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Gold coil shaped bracelets found in County Donegal, Ireland

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Norman Witherow is a farmer in County Donegal, Ireland.  He made an astonishing discovery of four coil-shaped solid gold bracelets and they are believed to date back to the Bronze Age (2500-500 BC) or even older according to National Museum of Ireland.
The items were buried two feet deep, hidden under a rock, which protected them and was covered with clay.
Their likely use was that of jewelry, but could also have been some form of currency.  Research is currently in progress to uncover more information about them and so far there are no items exactly the same as these found.
It is expected that this golden treasure will be on display at the National Museum of Ireland soon.

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Bronze Roman statue ear found near Dere street



A three inches (eight centimeters) long ear from a life size bronze Roman statue has been unearthed by a metal detectorist in the village of Brompton-on-Swale, close to a Roman fort and settlement Cataractonium, today known as Catterick, North Yorkshire and was confirmed to date back to 200AD (1800 years old). Experts believe it broke off during transport and was never recovered to be refitted. It is one of the oldest relics of its kind ever found in Britain, incredibly rare, very detailed and of high level craftmanship.   The find was made near Dere street, which is a road built by the ancient Romans, the A1 runs along side it today.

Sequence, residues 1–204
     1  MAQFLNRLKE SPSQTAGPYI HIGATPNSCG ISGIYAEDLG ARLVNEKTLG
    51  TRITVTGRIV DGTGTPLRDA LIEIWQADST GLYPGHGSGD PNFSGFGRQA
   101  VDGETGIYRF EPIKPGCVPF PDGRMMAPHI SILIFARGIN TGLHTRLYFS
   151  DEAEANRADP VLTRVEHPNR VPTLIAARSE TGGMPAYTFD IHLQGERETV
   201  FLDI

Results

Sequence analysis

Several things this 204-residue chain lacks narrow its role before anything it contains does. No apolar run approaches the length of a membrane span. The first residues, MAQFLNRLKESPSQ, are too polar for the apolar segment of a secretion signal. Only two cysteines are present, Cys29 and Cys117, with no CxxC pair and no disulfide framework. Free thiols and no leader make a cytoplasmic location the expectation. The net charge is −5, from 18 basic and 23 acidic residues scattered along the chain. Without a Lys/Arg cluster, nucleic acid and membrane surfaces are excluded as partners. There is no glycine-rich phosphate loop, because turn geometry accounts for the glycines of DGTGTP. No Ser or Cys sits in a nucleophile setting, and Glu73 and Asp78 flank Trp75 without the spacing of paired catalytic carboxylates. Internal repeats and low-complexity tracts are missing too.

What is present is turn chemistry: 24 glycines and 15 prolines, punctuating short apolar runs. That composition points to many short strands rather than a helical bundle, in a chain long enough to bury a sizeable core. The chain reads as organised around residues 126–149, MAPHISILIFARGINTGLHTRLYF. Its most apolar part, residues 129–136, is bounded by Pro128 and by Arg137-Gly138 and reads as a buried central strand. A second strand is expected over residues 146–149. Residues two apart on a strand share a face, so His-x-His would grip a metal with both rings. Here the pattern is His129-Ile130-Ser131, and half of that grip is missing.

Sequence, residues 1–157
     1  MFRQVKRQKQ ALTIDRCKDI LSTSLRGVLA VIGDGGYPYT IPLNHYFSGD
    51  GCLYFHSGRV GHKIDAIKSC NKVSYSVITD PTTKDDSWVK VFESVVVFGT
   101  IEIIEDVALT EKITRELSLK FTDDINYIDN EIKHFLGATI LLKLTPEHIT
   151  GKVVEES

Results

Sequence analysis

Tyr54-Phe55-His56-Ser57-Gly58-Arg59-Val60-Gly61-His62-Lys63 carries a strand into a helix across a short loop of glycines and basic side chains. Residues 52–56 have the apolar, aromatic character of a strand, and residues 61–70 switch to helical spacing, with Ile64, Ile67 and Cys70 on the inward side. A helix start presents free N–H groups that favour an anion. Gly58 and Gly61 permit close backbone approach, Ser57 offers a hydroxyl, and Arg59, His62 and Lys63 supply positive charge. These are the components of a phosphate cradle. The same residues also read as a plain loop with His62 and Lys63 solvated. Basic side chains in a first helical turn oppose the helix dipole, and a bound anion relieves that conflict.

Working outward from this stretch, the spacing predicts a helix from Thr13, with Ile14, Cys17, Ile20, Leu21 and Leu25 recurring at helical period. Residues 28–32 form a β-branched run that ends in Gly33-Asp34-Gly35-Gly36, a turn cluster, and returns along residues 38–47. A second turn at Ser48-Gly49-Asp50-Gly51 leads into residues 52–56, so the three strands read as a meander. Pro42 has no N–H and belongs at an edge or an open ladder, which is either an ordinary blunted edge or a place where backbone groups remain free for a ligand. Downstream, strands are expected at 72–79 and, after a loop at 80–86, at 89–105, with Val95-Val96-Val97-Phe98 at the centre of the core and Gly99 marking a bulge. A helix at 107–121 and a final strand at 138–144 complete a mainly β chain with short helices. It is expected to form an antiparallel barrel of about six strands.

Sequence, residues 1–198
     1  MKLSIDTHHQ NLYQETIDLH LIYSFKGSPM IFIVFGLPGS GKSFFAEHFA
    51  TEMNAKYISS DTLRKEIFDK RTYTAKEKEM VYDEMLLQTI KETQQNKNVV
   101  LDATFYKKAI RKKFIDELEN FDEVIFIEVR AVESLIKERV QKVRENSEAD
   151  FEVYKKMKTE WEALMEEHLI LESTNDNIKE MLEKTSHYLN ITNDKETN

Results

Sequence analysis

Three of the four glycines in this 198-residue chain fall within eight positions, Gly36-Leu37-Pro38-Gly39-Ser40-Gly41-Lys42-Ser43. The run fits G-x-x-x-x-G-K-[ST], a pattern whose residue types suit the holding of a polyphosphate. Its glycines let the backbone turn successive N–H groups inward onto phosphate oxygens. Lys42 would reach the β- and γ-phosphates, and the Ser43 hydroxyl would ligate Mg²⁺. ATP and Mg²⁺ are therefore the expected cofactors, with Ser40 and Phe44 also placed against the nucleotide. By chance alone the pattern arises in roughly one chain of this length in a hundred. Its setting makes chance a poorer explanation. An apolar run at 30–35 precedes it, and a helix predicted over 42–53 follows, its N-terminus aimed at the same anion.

The Roman relic was documented with a recorder of archaeological objects found by members of the public named the Portable Antiquities Scheme.
 It was sold for £1100 on auction.

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